When we take pride in our own righteous behavior, we need to keep our rules in perspective. It is important to realize that, unfortunately, they are not necessarily God’s rules but our derivatives of what we think of as being God’s rules. When we believe our righteous living will give us a higher standing before God, it becomes self-righteousness. When we are “confident in our own righteousness” or “trust in” our own righteousness to justify us before God, we risk making the mistake of demeaning others who do not live our way. This leads not to God but to a distorted and judgmental perspective.
Lord, be merciful to me, a sinner.
I will examine my own perception of whose behavior is and whose behavior is not acceptable to God. How objective am I? Who are those I judge?
To some who were confident of their own righteousness and looked down on everybody else, Jesus told this parable: “Two men went up to the temple to pray, one a Pharisee and the other a tax collector. The Pharisee stood up and prayed about himself: ‘God, I thank you that I am not like other men — robbers, evildoers, adulterers — or even like this tax collector. I fast twice a week and give a tenth of all I get.’ “But the tax collector stood at a distance. He would not even look up to heaven, but beat his breast and said, ‘God, have mercy on me, a sinner.’ “I tell you that this man, rather than the other, went home justified before God. For everyone who exalts himself will be humbled, and he who humbles himself will be exalted.”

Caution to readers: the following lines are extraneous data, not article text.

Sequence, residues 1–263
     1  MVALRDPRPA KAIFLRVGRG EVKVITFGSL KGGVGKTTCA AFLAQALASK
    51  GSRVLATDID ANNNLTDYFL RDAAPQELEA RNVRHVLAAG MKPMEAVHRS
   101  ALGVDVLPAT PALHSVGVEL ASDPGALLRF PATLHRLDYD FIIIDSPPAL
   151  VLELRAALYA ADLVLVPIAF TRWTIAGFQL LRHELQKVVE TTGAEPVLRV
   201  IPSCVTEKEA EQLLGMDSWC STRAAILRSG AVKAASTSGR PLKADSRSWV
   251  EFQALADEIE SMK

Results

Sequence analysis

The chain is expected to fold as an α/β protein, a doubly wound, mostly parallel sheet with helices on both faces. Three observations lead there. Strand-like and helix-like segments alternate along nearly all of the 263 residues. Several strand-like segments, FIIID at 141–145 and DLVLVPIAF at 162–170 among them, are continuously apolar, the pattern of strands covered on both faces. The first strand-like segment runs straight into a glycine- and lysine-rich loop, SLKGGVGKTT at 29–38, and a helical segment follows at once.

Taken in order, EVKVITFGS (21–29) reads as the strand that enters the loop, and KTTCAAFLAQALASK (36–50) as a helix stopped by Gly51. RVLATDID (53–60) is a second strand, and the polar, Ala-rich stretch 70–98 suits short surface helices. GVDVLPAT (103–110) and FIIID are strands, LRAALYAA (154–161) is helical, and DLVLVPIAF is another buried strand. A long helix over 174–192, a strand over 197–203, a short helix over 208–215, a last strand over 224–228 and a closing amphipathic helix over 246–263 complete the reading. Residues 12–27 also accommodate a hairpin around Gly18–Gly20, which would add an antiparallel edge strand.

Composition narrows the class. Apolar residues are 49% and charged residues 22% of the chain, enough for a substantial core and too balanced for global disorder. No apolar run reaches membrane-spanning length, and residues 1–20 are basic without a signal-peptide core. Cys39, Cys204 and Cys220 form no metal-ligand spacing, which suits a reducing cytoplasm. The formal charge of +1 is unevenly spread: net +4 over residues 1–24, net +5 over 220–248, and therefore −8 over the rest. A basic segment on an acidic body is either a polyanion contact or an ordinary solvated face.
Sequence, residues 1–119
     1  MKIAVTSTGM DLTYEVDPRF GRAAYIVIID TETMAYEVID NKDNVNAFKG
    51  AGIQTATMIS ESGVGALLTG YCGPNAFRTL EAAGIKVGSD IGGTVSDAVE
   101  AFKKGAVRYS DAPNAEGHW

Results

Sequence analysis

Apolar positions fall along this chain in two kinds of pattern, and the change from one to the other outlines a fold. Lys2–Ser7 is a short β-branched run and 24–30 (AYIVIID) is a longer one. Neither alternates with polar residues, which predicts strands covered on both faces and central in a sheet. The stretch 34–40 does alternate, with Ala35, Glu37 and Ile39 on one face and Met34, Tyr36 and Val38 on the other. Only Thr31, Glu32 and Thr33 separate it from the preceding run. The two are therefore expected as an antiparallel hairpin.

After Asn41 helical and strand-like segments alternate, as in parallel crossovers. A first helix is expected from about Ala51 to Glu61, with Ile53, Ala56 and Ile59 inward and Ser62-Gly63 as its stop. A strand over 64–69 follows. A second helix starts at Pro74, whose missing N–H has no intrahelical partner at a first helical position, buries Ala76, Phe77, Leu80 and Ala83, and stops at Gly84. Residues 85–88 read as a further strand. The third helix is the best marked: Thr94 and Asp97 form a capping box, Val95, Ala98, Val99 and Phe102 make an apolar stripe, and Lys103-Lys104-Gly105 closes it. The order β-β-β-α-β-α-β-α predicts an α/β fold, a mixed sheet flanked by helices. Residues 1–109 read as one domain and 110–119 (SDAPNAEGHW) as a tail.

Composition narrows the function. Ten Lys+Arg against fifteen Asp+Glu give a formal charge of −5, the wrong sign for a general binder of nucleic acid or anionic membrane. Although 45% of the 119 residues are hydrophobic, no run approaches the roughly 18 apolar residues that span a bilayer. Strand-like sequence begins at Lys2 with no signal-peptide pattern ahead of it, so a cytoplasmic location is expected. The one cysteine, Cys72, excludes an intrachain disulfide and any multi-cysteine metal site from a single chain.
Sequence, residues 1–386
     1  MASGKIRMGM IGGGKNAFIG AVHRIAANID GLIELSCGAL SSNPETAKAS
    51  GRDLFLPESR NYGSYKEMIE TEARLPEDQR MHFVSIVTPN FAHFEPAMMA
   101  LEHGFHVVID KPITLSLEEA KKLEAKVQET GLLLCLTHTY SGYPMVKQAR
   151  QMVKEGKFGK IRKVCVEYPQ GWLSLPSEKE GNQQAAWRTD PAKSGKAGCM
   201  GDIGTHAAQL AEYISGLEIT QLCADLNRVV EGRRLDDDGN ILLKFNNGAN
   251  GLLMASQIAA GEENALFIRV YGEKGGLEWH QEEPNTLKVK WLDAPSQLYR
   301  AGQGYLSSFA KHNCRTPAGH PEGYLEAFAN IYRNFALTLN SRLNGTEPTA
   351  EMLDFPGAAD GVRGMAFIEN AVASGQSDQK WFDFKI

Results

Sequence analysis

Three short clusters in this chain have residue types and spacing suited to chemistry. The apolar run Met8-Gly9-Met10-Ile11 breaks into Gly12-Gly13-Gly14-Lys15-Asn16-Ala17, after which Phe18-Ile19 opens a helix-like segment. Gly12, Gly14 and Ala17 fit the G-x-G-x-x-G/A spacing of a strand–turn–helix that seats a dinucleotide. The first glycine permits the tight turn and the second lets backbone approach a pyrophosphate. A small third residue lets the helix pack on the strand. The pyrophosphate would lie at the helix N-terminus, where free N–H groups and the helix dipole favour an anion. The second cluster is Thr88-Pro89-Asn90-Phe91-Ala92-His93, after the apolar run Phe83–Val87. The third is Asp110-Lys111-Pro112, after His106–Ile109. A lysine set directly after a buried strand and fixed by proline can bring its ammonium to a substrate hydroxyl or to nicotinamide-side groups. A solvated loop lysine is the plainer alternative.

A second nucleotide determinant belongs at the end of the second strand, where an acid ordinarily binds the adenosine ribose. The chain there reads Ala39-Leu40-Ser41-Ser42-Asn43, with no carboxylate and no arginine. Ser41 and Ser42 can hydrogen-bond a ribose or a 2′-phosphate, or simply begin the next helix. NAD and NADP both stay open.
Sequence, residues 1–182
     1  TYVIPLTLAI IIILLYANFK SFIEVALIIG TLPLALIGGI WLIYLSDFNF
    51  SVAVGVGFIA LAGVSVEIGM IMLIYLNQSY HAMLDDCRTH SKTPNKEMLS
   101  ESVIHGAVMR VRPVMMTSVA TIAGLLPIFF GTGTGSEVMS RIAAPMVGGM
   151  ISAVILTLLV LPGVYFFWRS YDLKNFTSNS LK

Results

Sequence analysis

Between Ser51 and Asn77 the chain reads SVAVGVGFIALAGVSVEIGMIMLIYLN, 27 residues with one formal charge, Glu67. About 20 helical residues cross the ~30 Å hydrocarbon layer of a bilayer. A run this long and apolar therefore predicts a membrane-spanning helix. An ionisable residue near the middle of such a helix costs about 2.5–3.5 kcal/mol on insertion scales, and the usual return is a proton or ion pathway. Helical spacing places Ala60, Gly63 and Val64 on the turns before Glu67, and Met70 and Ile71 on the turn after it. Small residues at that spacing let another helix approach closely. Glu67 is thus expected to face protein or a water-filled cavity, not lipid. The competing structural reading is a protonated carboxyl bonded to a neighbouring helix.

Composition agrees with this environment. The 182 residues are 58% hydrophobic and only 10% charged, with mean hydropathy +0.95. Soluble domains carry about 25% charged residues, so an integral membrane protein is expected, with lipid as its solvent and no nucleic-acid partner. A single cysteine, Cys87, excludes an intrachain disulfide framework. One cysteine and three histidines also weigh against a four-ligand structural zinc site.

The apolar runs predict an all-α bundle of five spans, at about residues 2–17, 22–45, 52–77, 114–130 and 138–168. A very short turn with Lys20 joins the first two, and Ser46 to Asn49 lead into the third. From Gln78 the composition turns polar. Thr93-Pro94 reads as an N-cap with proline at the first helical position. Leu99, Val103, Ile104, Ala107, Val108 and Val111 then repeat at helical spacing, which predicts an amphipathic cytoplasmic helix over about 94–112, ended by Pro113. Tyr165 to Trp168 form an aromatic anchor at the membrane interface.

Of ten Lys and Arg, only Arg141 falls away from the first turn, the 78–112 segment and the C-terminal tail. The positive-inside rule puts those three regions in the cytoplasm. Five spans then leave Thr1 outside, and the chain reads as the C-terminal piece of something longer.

One should examine oneself for a very long time before thinking of condemning others.
Nothing so needs reforming as other people’s habits.
The hardest people to reach with the love of God are not the bad people. They know they are bad. They have no defense. The hardest ones to win for God are the self-righteous people.
Charles L. Allen
When you think yours is the only true path you forever chain yourself to judging others and narrow the vision of God. The road to righteousness and arrogance is a parallel road that can intersect each other several times throughout a person’s life. It’s often hard to recognize one road from another. What makes them different is the road to righteousness is paved with the love of humanity. The road to arrogance is paved with the love of self.”
Shannon L. Alder
Self righteousness belongs to the narrow-minded.